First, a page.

Customer Reviews for

Naked and the Dead

Average Rating 4
( 24 )
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Most Helpful Favorable Review

3 out of 3 people found this review helpful.

The Naked and the Dead

It is arguable that no book better captures the feelings and personalities of young soldiers at war better than this one. Every character is unique and wholly believable. When one of them dies the reader feels as though he/she has just lost a friend. A must read for any...
It is arguable that no book better captures the feelings and personalities of young soldiers at war better than this one. Every character is unique and wholly believable. When one of them dies the reader feels as though he/she has just lost a friend. A must read for anyone who wishes to gain a better appreciation for the brutality and emotion of war.

posted by Janus on April 29, 2009

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Most Helpful Critical Review

3 out of 7 people found this review helpful.

Definitely NOT a combat novel.

Although some have said its a combat novel, I couldn't disagree more. There is very little combat (or 'action') in the book, with nearly the entire book dedicated to the interactions between the very well defined characters. The relationships, interactions, and chal...
Although some have said its a combat novel, I couldn't disagree more. There is very little combat (or 'action') in the book, with nearly the entire book dedicated to the interactions between the very well defined characters. The relationships, interactions, and challenges of the characters could could have just as easily occurred within a mountain climbing team, a sports team, or sailing crew. There is really nothing about the core of story that depends specifically on a war environment.

What bothered me most was the racial and religious stereotyping: the entrepeneurial but weak Jew, the fast-talking, scam-artist Italian, and the snobbish, detached, and Harvard educated New Englander, etc. Nearly each and every character was incredibly unlikeable, with despicable traits and methods that represented the worst of "their kind". Frankly, I wonder if the characters are more of an instantiation of Mailer's own inner believes and predjudices.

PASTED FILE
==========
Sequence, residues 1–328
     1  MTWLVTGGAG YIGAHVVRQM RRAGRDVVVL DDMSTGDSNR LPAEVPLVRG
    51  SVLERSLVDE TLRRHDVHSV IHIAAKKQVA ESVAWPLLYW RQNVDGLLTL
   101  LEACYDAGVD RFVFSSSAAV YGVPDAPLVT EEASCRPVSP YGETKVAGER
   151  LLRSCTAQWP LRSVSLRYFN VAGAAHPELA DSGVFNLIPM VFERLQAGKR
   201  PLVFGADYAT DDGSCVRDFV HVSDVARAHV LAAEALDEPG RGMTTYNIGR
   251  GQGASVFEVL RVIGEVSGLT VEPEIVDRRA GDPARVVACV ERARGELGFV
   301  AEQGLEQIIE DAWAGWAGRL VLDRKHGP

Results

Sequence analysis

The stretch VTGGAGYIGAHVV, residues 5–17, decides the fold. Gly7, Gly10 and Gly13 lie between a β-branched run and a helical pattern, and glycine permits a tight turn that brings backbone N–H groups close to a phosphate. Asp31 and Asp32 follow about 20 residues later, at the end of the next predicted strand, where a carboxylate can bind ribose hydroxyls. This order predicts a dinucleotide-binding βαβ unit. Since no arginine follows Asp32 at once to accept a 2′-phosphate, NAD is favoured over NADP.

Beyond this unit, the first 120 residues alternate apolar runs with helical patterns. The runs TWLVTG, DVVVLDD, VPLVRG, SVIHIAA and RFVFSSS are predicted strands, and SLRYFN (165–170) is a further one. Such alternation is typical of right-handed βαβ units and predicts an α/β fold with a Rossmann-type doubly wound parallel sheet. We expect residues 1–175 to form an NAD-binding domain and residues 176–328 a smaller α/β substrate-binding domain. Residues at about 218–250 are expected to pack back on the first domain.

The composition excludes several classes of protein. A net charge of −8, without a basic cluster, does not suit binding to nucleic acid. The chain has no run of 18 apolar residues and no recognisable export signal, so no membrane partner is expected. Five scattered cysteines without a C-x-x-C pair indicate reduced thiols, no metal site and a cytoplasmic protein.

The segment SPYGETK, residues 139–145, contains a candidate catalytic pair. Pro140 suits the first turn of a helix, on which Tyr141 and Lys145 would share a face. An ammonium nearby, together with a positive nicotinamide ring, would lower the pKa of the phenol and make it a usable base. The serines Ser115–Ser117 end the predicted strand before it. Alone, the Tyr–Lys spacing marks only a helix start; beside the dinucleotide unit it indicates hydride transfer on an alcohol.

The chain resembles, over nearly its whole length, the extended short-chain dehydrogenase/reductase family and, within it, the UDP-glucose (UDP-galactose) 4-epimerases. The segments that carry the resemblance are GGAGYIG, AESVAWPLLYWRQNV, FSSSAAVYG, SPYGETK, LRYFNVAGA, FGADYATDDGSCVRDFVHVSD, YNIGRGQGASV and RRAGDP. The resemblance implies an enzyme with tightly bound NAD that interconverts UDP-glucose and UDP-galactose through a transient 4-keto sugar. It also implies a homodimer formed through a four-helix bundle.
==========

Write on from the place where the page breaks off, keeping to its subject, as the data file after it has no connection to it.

Finaly, the inconsistencies and flat-out errors in the story bugged me to no end. Mailer apparently doesn't know how long a yard is based on the many distances he describes in yards -- half of them are unbelievable. And logistical errors, such as exhausted men carrying 90lb packs edging along a 1-foot wide mountain ledge, perhaps can be explained by Mailers apparent lack of time spent in the real world.

posted by dkar3 on October 17, 2009

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  • Anonymous

    Posted November 1, 2006

    A make believe island and make believe island for a real war.

    The author is trying to tell what men are thinking during war. He spends to much time descibing there fears and uncertianties. He has to much conflict going on among the men. He tell to much about their doubt and fears and it gives the reader and uncomfortable feeling about the characters. Some war stories are timeless such as Red Badge of Courage and can be picked up and read and understood. This book may have been a big hit in the 1940s and 1950s but now I feel that it is tiresome to read and difficult to undrstand why the author felt it necessary some of the parts that he did. It might be better to watch the movie.

    0 out of 3 people found this review helpful.

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